The San Francisco 49ers acquired wide receiver Anquan Boldin from the Baltimore Ravens for a sixth-round draft pick. Boldin must pass a physical to complete the deal.
BALTIMORE — Here’s a Super Bowl twist: A player who helped the Baltimore Ravens beat San Francisco for the championship last month is poised to join the 49ers.
San Francisco acquired wide receiver Anquan Boldin from the Ravens for a sixth-round draft pick Monday. Boldin must pass a physical to complete the deal.
The trade disappointed Baltimore quarterback Joe Flacco.
“Anquan was a great receiver for myself and for our football team,” said Flacco, who signed a six-year, $120.6 million contract with the Ravens last week. “It’s sad to see a guy like that go, but at the same time you want what’s best for him and you just wish him the best of luck.
- Could Chris Polk be a fit for the Seahawks?
- Jesse Jones is back: Seattle's superhero consumer reporter is now at KIRO 7
- Nathan Hale High School juniors boycott state test
- This USB cable finally could be connector for long haul
- Scientists to study the 'modern miracle' of Ozzy Osbourne's survival
Most Read Stories
“Anquan was a big part of this football team, a big part of this offense. He’s one of the many reasons we won the Super Bowl this year.”
Boldin had six catches for 104 yards and a touchdown in the Ravens’ 34-31 Super Bowl victory over the 49ers.
But the 32-year-old was due $6 million in 2013, the final year of his contract. After Boldin and the Ravens failed to agree on a restructured contract, Baltimore worked a deal with San Francisco rather than to simply cut him from the roster.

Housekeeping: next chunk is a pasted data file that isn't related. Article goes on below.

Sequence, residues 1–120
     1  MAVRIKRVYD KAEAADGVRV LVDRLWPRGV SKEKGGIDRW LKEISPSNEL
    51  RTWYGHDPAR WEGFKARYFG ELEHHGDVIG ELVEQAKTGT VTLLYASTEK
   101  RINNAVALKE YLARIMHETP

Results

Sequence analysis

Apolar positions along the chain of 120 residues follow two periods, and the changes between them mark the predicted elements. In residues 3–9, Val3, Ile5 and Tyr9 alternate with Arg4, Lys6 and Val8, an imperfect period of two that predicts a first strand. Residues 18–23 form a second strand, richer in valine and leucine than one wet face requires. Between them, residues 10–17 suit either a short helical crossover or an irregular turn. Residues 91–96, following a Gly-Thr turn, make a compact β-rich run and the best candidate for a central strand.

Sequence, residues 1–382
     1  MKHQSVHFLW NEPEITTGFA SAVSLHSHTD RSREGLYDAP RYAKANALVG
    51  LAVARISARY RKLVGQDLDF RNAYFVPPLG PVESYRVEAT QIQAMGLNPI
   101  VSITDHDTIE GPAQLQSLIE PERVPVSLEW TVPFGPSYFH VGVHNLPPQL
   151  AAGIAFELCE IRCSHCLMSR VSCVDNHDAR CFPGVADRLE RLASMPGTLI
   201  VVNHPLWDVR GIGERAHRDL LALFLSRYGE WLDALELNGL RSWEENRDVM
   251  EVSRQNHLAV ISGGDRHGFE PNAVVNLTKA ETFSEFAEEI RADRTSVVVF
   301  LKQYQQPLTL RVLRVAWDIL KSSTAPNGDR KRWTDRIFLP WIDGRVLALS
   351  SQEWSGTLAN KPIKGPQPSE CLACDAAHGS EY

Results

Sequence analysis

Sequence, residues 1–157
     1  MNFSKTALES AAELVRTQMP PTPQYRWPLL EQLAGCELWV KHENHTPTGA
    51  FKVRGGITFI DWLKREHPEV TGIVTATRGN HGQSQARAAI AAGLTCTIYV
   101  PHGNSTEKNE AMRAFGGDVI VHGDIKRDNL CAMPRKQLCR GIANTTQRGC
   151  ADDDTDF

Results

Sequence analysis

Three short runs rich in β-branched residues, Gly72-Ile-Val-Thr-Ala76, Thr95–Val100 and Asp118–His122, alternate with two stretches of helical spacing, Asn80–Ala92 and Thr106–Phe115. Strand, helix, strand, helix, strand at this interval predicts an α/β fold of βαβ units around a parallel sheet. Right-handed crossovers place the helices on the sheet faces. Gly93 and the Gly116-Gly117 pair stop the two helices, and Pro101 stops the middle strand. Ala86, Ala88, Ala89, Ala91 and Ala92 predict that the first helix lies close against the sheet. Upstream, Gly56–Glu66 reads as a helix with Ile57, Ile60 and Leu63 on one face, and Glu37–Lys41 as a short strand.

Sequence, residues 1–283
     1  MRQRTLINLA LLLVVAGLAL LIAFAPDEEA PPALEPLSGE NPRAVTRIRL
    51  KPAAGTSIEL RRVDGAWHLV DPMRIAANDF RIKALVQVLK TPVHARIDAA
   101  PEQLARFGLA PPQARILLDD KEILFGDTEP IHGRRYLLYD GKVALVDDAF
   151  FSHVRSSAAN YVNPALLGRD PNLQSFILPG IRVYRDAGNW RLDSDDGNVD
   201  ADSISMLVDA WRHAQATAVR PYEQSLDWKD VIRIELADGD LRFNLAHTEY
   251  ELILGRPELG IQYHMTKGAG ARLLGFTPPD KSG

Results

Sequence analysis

Baltimore is coached by John Harbaugh, brother of 49ers coach Jim Harbaugh.
San Francisco quarterback Colin Kaepernick told ESPN: “We have great wide receivers already, but he’s another great addition. I think everybody saw what he was capable of this past year and what he did in the Super Bowl. So that’s just another playmaker on our team.”
Boldin, who was drafted by the Arizona Cardinals in 2003, has 90 catches for 1,157 yards and eight touchdowns in 15 games against the 49ers.
Wells are cut
Washington cornerback DeAngelo Hall, Denver linebacker D.J. Williams and Arizona running back Beanie Wells were among players released Monday.
Hall, 29, was due to make $7.5 million this year. He was cut because the team was over the salary cap, the result of an $18 million sanction imposed for the way it structured contracts in the 2010 uncapped season.
Without that league-imposed penalty, Hall would almost certainly have remained in Washington.
“I talked to a player (Hall) that has played extremely hard for us the last couple of years and I had to tell him he was released today,” coach Mike Shanahan said. “And that guy has really played extremely hard for us. He’s given everything I’ve asked him to give.”
Williams, 30, who was to make $6 million this year, missed nine games while serving two NFL-mandated suspensions last season and was deemed expendable after Wesley Woodyard had a solid season at weakside linebacker.
Williams was suspended six games for violating the league’s policy on performance-enhancing drugs and three games for an alcohol-related arrest in 2010 that led to a conviction in August 2012. Williams was Denver’s leading tackler in five of his nine seasons with the team.
Wells, 24, was limited to eight games last season because of a toe injury after rushing for 1,047 yards in 2011.
• The New York Giants are allowing Victor Cruz to enter restricted free agency, placing a first-round tender on the 26-year-old wide receiver. The tender would give Cruz a base salary of $2.879 million this year.
• The New York Jets signed quarterback David Garrard to back up — and provide a challenge to — starter Mark Sanchez. Garrard, 35, has not played since he was with Jacksonville in 2010.
• Philadelphia quarterback Michael Vick has suspended a scheduled book tour because he has received threats through social media, his spokesman said. Vick has been promoting his autobiography, “Finally Free.”
Compiled from The Associated Press, The Sacramento Bee and The Philadelphia Inquirer.